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Gynecological Endocrinology

For an Article Collection on

Emergence and Predisposition to Peri- and Postmenopausal Mood Disturbance: Risk Factors and Treatment Options

Manuscript deadline
05 May 2024

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Article collection guest advisor(s)

Dr. Lauren Schiff, University of North Carolina at Chapel Hill
[email protected]

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Emergence and Predisposition to Peri- and Postmenopausal Mood Disturbance: Risk Factors and Treatment Options

The endocrine changes experienced during menopause and the peri-menopausal period have been reported to cause disruptions in mood and quality of life in women. These quality-of-life changes and mood disturbances are experienced in both surgical and physiologic menopause. This Article Collection aims to collect research on the catalysts of mental health and mood changes that menopausal and peri-menopausal women experience, as well as the current methods for addressing and treating them.

Through the menopausal transition, vast fluctuations, and ultimate decrease in estrogen production result in the experience of physical, psychological, endocrine changes. These changes manifest as symptoms far beyond the usually cited vasomotor symptoms including insomnia, brain fog, difficulty concentrating, increased irritability, depression, and anxiety. Those with a predisposition to or underlying mental health disorders often experience emergence or recurrence of these mental health disturbances. These symptoms are both less recognized and less studied and treatments for perimenopausal symptoms are not directed towards these insidious symptoms.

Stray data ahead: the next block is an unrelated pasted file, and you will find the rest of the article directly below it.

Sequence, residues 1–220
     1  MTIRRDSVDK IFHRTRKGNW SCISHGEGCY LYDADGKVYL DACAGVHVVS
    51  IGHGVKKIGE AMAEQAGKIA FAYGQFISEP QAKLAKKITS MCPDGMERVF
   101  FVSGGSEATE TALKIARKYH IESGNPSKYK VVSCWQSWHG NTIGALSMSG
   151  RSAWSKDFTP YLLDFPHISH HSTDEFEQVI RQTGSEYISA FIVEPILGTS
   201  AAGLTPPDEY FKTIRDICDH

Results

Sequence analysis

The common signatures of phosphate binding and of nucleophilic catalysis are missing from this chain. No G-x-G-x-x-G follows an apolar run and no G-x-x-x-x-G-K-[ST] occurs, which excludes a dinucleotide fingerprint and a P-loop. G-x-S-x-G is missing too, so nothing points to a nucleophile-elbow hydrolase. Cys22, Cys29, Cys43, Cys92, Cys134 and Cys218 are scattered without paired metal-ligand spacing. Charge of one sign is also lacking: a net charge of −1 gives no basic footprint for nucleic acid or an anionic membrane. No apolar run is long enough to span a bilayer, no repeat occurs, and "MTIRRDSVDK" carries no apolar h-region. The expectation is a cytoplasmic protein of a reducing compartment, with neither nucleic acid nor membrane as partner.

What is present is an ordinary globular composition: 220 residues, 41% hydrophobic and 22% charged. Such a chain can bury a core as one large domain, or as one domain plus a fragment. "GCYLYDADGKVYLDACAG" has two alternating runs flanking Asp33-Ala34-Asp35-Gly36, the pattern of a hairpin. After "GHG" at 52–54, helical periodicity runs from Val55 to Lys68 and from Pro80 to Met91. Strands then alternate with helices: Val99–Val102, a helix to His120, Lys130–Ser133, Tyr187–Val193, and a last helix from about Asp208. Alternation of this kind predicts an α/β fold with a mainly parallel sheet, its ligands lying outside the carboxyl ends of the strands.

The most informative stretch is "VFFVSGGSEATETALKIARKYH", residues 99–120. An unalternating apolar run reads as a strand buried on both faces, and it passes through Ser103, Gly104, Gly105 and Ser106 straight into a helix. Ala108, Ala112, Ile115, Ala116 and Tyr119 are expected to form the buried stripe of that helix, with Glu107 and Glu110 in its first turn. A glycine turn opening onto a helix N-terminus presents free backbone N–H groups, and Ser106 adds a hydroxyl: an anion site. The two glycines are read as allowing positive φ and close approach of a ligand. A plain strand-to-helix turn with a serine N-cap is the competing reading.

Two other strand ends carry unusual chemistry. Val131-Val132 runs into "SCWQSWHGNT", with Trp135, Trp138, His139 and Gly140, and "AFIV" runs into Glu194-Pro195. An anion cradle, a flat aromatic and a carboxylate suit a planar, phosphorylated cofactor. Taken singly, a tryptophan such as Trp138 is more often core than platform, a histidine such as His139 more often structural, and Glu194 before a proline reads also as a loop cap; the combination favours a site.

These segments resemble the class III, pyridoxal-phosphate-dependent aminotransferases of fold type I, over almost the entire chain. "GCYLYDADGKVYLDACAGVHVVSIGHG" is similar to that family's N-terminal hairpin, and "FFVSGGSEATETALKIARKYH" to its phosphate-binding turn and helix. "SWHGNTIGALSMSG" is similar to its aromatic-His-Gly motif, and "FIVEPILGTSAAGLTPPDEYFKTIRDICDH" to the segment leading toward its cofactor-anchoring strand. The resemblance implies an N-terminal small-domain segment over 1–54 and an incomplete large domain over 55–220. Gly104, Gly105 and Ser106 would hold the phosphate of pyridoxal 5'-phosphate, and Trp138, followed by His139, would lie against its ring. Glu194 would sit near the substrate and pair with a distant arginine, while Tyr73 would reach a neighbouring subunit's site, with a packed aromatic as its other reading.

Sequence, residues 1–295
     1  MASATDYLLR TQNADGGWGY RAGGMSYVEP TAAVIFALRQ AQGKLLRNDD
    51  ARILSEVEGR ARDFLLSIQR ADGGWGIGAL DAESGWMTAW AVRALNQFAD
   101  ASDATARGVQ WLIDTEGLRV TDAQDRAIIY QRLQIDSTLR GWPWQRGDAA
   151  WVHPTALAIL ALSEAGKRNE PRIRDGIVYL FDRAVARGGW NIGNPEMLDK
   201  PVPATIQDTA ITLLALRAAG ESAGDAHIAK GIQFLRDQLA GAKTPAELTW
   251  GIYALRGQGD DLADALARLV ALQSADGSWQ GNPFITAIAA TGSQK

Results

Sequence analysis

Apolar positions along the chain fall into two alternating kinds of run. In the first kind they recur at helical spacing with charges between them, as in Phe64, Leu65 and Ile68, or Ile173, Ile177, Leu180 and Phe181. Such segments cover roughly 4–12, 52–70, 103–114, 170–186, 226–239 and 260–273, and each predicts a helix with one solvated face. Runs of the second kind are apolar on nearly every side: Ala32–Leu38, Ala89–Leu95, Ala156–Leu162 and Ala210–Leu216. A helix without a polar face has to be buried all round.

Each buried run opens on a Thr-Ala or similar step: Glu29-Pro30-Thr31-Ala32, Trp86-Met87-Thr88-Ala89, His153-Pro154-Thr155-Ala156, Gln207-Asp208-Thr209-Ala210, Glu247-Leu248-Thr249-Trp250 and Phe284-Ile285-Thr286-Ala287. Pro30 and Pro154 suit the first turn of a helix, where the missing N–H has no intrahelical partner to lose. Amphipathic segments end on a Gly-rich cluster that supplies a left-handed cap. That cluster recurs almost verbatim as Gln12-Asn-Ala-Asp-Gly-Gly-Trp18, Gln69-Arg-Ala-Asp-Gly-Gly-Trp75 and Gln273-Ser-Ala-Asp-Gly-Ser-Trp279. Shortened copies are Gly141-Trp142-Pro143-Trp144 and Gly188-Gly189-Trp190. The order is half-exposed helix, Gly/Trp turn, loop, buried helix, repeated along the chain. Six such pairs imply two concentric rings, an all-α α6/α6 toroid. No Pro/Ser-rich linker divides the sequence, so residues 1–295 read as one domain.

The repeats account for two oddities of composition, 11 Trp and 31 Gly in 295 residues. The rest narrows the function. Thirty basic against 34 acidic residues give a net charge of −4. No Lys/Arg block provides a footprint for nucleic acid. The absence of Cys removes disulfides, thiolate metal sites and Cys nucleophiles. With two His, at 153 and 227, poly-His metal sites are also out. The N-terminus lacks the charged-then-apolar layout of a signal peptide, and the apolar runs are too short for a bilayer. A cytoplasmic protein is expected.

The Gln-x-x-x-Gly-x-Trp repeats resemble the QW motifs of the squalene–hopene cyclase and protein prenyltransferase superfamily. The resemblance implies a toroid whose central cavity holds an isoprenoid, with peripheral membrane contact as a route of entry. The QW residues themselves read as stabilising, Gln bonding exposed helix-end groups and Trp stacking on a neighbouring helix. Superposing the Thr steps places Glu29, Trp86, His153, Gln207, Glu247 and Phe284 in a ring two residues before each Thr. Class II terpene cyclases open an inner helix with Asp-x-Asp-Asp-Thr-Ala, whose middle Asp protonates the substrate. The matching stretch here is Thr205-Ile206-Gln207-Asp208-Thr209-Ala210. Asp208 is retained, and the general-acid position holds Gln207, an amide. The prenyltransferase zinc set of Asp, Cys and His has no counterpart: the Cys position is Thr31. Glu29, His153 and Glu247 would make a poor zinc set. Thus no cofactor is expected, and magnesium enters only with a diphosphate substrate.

In addition to natural transition to menopause, surgical treatments for gynecologic diseases can result in onset of menopausal symptoms. In many cases, symptoms in this setting are more dramatic and difficult to treat. While we know that surgical removal of the ovaries induces menopause and thus accompanying hormonal shifts, in hysterectomy has more recently been shown to impact mood even without the removal of ovaries. The topic of efficacy of management strategies for surgically induced menopausal symptoms in younger women, including mood lability, concentration deficits and insomnia invites further study.

Understanding of the underlying pathophysiology into these areas will be key to guide women through their mental health journey prior to, during, and after the menopausal period.

This Collection invites research articles, reviews, systematic reviews/meta-analyses, editorials, case reports, or position statements focusing on the following topics:

  • Emergence and predisposition to perimenopausal mood disturbance: risk factors and treatment options.
  • Predictive factors for women experiencing significant mood disturbance in perimenopause
  • Timeline for onset and natural history of mood disturbance in perimenopause
  • Diagnosis and treatment of perimenopausal mood disorders
  • Treatment for menopausal mood disturbance from surgically induced menopause.

Dr. Lauren Schiff is a fellowship trained Minimally Invasive Gynecologic Surgeon and Associate Professor at the University of North Carolina at Chapel Hill. She currently serves as the Associate CMO of Quality and Safety for UNC Medical Center. In addition to her administrative role, she is actively engaged in patient care and teaching as a clinician and surgeon. She is dedicated to caring for women with fibroids, endometriosis, complex benign gynecologic surgical conditions, hormonally induced gynecologic conditions, and pelvic pain disorders.

Dr. Schiff has no conflicts of interest to report regarding this work.

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All manuscripts submitted to this Article Collection will undergo desk assessment and peer-review as part of our standard editorial process. Guest Advisors for this collection will not be involved in peer-reviewing manuscripts unless they are an existing member of the Editorial Board. Please review the journal Aims and Scope and author submission instructions prior to submitting a manuscript.